By Alex Abrams | Jan. 25, 2020, 7:50 p.m. (ET)
Nathan Chen performs his men's short program at the 2020 U.S. Figure Skating Championships on Jan. 25, 2020 in Greensboro, N.C.

 

GREENSBORO, N.C. — Nathan Chen wasn’t sure a week ago what his short program would look like when he finally stepped on the ice.

Battling the flu, the 2018 Olympian and two-time defending world champion didn’t have as much time to train as he’d like in the days leading up to the U.S. Figure Skating Championships, part of the Team USA Champions Series, presented by Xfinity.

When the Yale sophomore, 20, finally returned to practice, it didn’t go well. As it turns out, not everything comes easily for the American superstar who hasn’t been beaten at a competition since 2018.

Nonetheless, Chen executed his short program brilliantly Saturday at the Greensboro Coliseum Complex, which he called one of the best of his career, to put himself in position to win his fourth consecutive national championship. He landed the big jumps he has become known for — including two quads — and took a large early lead over the rest of the field after earning a score of 114.13.

“I’m thrilled with today. The short program went really well,” said Chen, whose score upped the nationals short program record he already owned. “I was really happy I was able to get the elements in while still keeping most of the choreography in as well.”

Chen is attempting to become the first American men’s figure skater to win four consecutive national championships since Brian Boitano in 1988. The Salt Lake City native has dominated both domestically and internally, and he arrived in Greensboro this week as the reigning world, Grand Prix Final and U.S. champion.

Chen showed no signs of still being slowed by flu-like symptoms on Saturday afternoon in front of a nationally televised audience. He moved seamlessly across the ice and landed two quadruple jumps during his short program to “La Boheme” by Charles Aznavour.

He made it look easy, and he simply waved to the crowd as he received a standing ovation. He holds a massive 13.14-point lead heading into Sunday’s free skate competition.

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Jason Brown, who was a member of the U.S. figure skating team that earned the bronze medal at the Olympic Winter Games Sochi 2014, stands far back in second place at 100.99. Andrew Torgashev is in third at 97.87.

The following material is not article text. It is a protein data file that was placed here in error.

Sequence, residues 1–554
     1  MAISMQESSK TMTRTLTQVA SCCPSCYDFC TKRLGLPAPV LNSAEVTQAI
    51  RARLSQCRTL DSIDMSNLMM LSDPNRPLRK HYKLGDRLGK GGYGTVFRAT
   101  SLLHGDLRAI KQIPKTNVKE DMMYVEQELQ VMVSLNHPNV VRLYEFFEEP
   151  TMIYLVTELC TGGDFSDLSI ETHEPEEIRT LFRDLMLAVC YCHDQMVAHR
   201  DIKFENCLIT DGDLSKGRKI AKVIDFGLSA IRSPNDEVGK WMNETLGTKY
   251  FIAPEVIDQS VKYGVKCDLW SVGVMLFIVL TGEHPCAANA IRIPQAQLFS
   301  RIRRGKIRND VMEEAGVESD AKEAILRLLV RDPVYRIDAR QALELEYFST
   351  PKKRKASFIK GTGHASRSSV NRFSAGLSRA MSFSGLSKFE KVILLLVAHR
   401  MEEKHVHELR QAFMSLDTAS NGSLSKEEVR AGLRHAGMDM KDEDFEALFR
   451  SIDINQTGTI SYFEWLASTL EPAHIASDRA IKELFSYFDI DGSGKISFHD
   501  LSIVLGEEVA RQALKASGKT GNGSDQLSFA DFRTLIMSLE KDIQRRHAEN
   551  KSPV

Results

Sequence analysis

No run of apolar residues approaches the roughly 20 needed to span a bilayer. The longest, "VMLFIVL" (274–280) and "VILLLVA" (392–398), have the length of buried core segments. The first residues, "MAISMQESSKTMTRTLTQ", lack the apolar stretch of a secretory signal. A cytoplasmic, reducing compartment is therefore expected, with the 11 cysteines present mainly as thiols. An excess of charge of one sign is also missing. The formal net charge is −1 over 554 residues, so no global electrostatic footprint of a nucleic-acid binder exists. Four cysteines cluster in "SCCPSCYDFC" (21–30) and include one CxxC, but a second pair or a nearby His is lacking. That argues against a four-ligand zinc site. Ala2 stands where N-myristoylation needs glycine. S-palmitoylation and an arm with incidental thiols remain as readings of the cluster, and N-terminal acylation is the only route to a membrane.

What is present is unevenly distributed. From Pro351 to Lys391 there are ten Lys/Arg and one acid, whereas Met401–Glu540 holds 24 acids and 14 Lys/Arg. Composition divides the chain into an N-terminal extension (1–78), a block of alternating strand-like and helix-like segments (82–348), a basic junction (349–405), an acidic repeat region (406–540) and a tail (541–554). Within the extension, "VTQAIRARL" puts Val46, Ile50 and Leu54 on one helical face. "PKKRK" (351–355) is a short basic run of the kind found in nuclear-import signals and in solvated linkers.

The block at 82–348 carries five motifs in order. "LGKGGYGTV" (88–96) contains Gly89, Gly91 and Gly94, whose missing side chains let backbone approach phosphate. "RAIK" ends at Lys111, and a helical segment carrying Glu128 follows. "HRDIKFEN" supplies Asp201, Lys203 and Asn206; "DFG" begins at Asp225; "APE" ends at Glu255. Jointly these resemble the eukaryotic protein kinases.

“Every competition is a new competition. Successes and failures of past competitions don’t really define what the next competition is going to be like,” Chen said, trying to describe his mindset after having so much recent success.

“Regardless of the fact that I’ve been at worlds, I’ve been at other competitions besides nationals, nationals still holds a lot of weight and is a very, very important competition. You can see the level of talent in this competition.”

Of course, there was a bit of suspense with Chen’s program. While he has been winning long enough to know what tricks he can put into his routine, he didn’t have a firm idea about what his short program would look like because of the time he missed while sick.

Chen still didn’t know the plan for his short program a week ago.

“It was really dependent on how the week of training leading up to this went. I wasn’t really sure exactly where I was going to be,” Chen said. “I couldn’t get to the rink for like a couple of days, and then by the time I could get to the rink, I was just like dragging myself across the ice. I wasn’t really able to get any true training done.”

Brown was the only skater other than Chen to earn a score of at least 100. Brown, a Highland Park, Illinois, native, won his only national title the last time Greensboro hosted the U.S. championships in 2015.

However, like the rest of the field, Brown will have plenty of ground to make up Sunday if he hopes to dethrone Chen.

After the uncertainty with his short program, Chen admitted he still hasn’t finalized his free skate routine for Sunday. It’s also up in the air at the moment.

“It really depends on how I feel (Sunday) morning,” Chen said. “Practices have been going well here, but again not having the same amount of training time I’d really like could change things.”

Alex Abrams has written about Olympic and Paralympic sports for more than 15 years, including as a reporter for major newspapers in Florida, Arkansas and Oklahoma. He is a freelance contributor to TeamUSA.org on behalf of Red Line Editorial, Inc.